June 3, 1933 – August 14, 2022


After a long decline from heart failure our mom died peacefully at home in Steinbach, Manitoba. Her death was as considerate and selfless as her life; she politely slipped away in the stillness of night as her loved ones rested.

Stefania was born in the village of Komarno in Western Ukraine, the third of four children of Ivan Kruk and Maria Bensal.  Her early life was beset by tragedy. She lost her mom at three and her father at seven. A bout of rheumatic fever in childhood left her with a heart murmur. The children were separated and raised by their grandmothers. The three oldest were raised by their paternal grandmother until her death. By 15 mom was on her own and moved to the city of Lviv to work as a live-in nanny and later as a stone setter in a jewellery factory.

She found a second mother in her landlady Anna, a kindly childless widow. They loved and needed each other and were as close as any biological mother and child.

In Lviv, Joseph Sobko bested Stefania’s many other suitors by wooing her with romantic letters during his mandatory four year service in the Soviet Army. She was kind and beautiful and together they were kindred spirits forged by hardship. She agreed to wait for him until his return and they married in 1956, followed by the birth of daughters Halyna in 1957 and Oksana in 1963.

Life in Soviet-era Ukraine was hard. Wages were paltry and home was a rented one bedroom apartment in a quadruplex with no running water or indoor bathrooms. After visiting from Canada, Dad’s mom invited our family to immigrate. Mom had to make the impossible choice between leaving her beloved second mother or giving her own children a better life far away. Our family sold everything, earning just enough to cover airfare. We arrived at Grandma’s doorstep in the fall of 1972 with two suitcases and a lot of hope. The Ukrainian community in Winnipeg generously provided clothing and furniture for a head start.

For parents, starting over at 39 and 40 was difficult but both worked multiple jobs, pulled together and made a life in their new community. In Winnipeg mom worked at the International Inn, Old Dutch, U of W and what is now Riverview Health Centre at jobs that didn’t require a great mastery of English. Though life was hectic and stressful they never forgot their family back in Ukraine and sent generous parcels.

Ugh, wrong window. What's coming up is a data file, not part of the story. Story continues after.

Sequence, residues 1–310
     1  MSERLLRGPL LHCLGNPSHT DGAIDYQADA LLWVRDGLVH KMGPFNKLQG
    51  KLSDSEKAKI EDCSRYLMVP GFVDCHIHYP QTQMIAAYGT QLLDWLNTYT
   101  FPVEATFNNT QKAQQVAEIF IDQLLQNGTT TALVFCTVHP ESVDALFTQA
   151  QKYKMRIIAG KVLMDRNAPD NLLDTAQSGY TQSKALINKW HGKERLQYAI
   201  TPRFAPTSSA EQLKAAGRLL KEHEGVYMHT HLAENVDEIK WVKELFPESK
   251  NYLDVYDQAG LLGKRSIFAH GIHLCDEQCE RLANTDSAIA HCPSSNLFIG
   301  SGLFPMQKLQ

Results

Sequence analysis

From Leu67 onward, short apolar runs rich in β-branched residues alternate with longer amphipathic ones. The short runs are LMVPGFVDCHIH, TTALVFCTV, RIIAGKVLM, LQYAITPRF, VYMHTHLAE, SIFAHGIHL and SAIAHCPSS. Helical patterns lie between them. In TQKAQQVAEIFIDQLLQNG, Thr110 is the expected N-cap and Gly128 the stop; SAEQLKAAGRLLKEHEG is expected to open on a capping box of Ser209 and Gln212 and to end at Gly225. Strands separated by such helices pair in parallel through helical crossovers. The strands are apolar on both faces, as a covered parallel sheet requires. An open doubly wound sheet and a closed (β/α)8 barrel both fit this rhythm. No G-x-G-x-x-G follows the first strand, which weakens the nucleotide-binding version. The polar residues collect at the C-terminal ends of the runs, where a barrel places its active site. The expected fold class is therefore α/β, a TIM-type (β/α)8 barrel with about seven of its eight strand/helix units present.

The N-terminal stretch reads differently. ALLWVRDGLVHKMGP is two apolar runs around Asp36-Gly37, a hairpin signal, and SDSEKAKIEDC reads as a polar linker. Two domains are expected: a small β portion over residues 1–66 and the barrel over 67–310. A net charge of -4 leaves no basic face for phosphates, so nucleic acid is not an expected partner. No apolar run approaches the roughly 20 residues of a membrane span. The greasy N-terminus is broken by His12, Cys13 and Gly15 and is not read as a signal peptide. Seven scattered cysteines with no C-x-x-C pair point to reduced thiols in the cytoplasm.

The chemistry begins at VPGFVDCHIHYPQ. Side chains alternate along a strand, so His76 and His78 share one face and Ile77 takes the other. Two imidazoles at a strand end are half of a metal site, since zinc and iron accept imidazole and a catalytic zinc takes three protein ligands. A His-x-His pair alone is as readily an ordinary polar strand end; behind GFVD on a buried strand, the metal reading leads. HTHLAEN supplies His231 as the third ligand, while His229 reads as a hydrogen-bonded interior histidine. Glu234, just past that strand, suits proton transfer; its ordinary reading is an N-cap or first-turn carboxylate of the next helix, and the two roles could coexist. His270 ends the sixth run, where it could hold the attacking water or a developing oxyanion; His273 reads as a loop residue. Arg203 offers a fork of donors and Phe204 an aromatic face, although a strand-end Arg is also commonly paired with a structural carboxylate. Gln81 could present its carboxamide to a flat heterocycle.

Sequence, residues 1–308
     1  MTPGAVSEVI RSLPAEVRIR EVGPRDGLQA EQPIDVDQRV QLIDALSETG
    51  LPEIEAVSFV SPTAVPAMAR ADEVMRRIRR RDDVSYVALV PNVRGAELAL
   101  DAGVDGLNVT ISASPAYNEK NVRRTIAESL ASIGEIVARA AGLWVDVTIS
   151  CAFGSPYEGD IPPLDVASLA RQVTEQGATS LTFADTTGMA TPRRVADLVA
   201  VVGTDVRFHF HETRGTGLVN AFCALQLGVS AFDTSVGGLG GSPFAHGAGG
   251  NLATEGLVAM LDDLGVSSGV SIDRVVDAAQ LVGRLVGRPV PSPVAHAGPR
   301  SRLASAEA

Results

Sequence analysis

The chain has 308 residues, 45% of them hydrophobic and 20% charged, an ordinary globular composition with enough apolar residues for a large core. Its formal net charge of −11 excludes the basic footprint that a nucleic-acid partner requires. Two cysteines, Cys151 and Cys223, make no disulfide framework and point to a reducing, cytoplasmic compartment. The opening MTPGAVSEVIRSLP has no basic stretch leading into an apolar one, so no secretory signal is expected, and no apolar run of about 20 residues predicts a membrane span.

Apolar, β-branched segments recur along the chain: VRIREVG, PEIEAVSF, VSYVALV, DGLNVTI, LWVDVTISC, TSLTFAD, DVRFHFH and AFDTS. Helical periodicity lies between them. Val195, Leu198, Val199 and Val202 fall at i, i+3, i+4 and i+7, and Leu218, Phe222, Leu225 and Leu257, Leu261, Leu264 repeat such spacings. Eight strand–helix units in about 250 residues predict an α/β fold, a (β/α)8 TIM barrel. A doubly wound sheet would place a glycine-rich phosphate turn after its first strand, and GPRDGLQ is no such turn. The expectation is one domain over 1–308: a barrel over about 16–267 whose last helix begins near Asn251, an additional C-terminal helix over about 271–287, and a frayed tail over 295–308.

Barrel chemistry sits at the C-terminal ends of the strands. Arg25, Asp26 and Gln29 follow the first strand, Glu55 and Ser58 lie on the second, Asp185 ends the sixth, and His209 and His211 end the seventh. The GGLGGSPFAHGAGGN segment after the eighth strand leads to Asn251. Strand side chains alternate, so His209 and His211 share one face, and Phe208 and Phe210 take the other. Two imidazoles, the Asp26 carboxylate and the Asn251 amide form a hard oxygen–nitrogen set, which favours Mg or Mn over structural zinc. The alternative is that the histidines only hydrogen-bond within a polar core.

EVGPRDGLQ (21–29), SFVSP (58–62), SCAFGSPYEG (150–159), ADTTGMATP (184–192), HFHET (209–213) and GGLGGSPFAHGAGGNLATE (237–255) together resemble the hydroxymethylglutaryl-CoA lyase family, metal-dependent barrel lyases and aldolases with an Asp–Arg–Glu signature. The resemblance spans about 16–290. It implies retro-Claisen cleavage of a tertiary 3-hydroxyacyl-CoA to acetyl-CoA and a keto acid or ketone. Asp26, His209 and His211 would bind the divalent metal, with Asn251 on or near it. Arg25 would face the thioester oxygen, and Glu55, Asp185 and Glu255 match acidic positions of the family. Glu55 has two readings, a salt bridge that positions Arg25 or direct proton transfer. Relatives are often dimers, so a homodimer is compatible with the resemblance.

Mama was the beating heart of our family. Her kindness and generosity extended to everyone she met. She worked hard, loved deeply and had a strong faith; she and dad were longtime parishioners at Ukrainian Catholic Metropolitan Cathedral of Sts. Vladimir and Olga. She was a perfectionist in her domain. Her pillowy pyrohy and tender holubsi, mouth-watering pampushky (large round deep fried doughnuts) and gourmet borscht with mushroom vushka (dumplings) were par none. Her laundry was always spotless and the house clean. Later in her life she enjoyed some travel (the prairies and BC, Las Vegas, Mexico, and Hawaii) and growing the biggest tomatoes on the block with dad in their home on Inkster Blvd. They both loved gaming and travelled on many a tour bus to the US to test lady luck at various casinos. Despite her early misfortune mom had a lucky streak: she enjoyed a competitive game of dice and the show Wheel of Fortune until the very end. That luck extended to cheating death numerous times as she survived various surgeries and health crises.

A trip to Ukraine about 15 years after arriving in Canada convinced her that she and the family had indeed made the right choice.

In a world of takers, she was a giver. As a baby, Helen developed life-threatening gangrene which required mom to provide a skin graft.  Later, when Helen was widowed at 34, mom looked after her three young grandchildren so Helen could return to school and find work to support her family. Despite mom’s own health issues, she faithfully looked after dad before his death from cancer in June 2019. The Covid-19 shutdown and declining health forced mom to move into Helen’s home where she received tender nursing care and lived a further two years despite a palliative diagnosis in the spring of 2020. Both daughters and their families worked hard on mom’s behalf to meet all her needs.

Mom was also predeceased by her brothers Sylvester, Phillip and Petro. She will be deeply missed by grandchildren Jennifer, Natalie and Andrew Redko and Stefan Seifred (Calgary); great-grandson Joshua Redko; sons-in-law Doug Wilson (Steinbach) and Bruce Seifred (Calgary); brothers-in-law Roman Drezewiecki and Ted Drezewiecki (Surrey), old friends Mike and Krystyna Czemerynski and Maggie and Richard Harrison, former neighbours and new friends from her two years at the Holy Family Seniors Tower.

A viewing will take place on Friday, August 19, from 6:00 p.m. to 8:00 p.m. at Cropo Funeral Chapel, 1442 Main Street, followed by a service on Saturday, August 20 at 11:00 a.m.  Interment to follow at All Saints Cemetery, 4535 Main Street.

Just as our family benefitted from the generosity of others, the contents of mom’s former apartment were donated to refugees fleeing the war in Ukraine. In lieu of flowers, please donate to the Ukrainian Humanitarian Appeal or other charities supporting relief efforts in Ukraine.


Public Viewing

6:00 pm - 8:00 pm
Friday, August 19, 2022
Cropo Funeral Chapel
1442 Main Street
Winnipeg, Manitoba, Canada


11:00 am
Saturday, August 20, 2022
Cropo Funeral Chapel
1442 Main Street
Winnipeg, Manitoba, Canada


All Saints Cemetery
4535 Main Street
Winnipeg, Manitoba, Canada
Share Your Memory of